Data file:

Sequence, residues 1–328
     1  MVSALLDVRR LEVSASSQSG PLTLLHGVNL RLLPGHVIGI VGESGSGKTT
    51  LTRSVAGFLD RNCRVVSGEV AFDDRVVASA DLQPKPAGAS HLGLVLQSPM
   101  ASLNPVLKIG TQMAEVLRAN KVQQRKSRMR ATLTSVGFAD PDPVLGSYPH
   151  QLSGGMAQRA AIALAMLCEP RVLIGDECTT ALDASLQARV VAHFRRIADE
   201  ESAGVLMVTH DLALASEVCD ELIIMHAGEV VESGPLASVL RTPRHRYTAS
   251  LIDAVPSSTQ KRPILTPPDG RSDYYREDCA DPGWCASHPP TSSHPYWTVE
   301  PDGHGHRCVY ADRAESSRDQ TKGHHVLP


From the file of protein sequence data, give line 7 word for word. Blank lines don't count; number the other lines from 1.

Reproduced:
   251  LIDAVPSSTQ KRPILTPPDG RSDYYREDCA DPGWCASHPP TSSHPYWTVE